A Virginia public school teacher fired in December by the school district for refusing to call a transgender student, who had recently transitioned, by the student’s new pronouns filed a lawsuit Monday alleging wrongful termination “for exercising his rights to free speech and free exercise.” Peter Vlaming, a French teacher at West Point High School in eastern Virginia, said in the suit that he had gone to great lengths to accommodate the ninth-grade student, who had transitioned from female to male over the summer, addressing the student by his male name, but stopped short of using the student’s masculine pronouns he/him/his.* Vlaming was threatened with disciplinary action by the school, if he refused to comply with the student’s request.
When Vlaming refused to refer to the student as asked, at one point referring to “her” in front of the class during an exercise, the student objected, waiting until after the class had finished and other students had cleared out before addressing the issue with the teacher. “Mr. Vlaming, you may have your religion,” the student said, “but you need to respect who I am.” The student then withdrew from the class.
Vlaming was suspended for insubordination and, weeks later, fired by the school board. In his suit the 47-year-old teacher, who had been at the school for seven years, says that his religious beliefs prevented him from addressing a teenager the way that was asked of him. Which core religious tenet was violated? “Vlaming’s conscience and religious practice prohibits him from intentionally lying, and he sincerely believes that referring to a female as a male by using an objectively male pronoun is telling a lie,” the lawsuit argues.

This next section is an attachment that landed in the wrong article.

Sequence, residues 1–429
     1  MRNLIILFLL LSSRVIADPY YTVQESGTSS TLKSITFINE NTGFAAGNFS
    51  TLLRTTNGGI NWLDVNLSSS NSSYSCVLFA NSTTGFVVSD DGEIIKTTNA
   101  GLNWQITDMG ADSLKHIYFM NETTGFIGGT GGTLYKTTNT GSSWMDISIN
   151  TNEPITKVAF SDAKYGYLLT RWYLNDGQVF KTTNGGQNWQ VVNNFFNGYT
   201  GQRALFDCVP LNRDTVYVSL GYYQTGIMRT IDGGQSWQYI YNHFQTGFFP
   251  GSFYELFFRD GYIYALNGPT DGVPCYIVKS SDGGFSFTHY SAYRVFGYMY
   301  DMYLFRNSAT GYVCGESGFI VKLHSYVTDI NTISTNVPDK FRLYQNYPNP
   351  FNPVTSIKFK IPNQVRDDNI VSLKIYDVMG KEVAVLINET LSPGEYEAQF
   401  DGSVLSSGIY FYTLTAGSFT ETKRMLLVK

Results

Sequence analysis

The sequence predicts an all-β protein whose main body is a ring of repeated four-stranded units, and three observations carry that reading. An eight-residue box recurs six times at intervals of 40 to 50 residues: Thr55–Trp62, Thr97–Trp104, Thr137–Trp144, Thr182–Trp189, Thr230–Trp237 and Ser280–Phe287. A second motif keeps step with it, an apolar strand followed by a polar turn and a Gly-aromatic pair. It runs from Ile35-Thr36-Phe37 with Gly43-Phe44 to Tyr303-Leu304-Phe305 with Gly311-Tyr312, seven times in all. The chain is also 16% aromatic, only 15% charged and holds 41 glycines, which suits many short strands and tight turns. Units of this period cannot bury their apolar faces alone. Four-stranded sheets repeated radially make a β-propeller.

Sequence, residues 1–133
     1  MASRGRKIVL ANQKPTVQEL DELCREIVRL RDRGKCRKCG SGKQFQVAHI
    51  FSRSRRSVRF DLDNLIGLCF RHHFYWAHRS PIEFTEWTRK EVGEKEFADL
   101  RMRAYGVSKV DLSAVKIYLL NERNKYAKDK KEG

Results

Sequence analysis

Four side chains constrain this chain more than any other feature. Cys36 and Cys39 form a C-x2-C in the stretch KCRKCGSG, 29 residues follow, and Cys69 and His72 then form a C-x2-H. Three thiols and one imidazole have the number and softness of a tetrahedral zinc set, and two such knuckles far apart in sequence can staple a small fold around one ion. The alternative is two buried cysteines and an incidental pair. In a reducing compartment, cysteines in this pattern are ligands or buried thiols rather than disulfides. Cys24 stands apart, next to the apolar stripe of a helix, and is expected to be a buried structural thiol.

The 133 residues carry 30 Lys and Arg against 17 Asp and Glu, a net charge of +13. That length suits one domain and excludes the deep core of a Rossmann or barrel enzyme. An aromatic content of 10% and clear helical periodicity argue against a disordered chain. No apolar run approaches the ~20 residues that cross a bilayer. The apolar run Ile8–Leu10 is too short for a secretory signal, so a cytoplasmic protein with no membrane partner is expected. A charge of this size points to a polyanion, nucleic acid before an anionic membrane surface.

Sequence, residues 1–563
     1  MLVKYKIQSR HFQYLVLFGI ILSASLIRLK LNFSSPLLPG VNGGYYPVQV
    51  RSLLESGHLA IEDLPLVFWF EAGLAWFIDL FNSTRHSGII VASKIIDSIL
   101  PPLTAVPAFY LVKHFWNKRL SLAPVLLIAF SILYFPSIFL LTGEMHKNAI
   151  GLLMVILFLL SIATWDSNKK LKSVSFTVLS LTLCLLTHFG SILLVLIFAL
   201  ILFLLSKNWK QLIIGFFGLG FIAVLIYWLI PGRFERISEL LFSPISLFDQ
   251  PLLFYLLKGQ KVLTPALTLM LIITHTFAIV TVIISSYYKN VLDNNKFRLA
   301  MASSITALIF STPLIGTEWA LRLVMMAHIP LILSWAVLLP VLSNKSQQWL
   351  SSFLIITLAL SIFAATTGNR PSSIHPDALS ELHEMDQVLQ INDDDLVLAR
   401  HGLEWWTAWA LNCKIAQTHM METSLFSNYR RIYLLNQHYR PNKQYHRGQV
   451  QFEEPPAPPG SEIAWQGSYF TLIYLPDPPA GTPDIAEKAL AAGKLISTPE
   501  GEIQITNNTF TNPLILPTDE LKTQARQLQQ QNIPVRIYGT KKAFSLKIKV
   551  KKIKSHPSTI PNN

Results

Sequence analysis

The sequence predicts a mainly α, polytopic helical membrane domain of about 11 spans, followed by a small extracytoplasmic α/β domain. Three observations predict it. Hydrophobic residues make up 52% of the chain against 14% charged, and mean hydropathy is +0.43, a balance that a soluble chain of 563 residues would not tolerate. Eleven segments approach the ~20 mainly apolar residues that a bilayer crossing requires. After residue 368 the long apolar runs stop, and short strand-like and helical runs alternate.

Vlaming said his willingness to refer to the student by name, skipping gender altogether, was an effort at “mutual tolerance.” The student and school district refused however. “I can’t think of a worse way to treat a child than what was happening,” West Point High Principal Jonathan Hochman said after the incident. “That discrimination then leads to creating a hostile learning environment. And the student had expressed that. The parent had expressed that,” the school superintendent said. “They felt disrespected.”
The French teacher complained at the time that his job had been put at risk for expressing views held by “most of the world for most of human history.” “That is not tolerance,” Vlaming said of school officials reaction. “That is coercion.” In his suit, Vlaming now claims it was he that was discriminated against by the district and is seeking $500,000 in lost wages, as well as an additional $500,000 for pain, suffering, and emotional distress.
Correction, Oct. 9, 2019: An earlier version of this post misstated that West Point High School is in southern Virginia.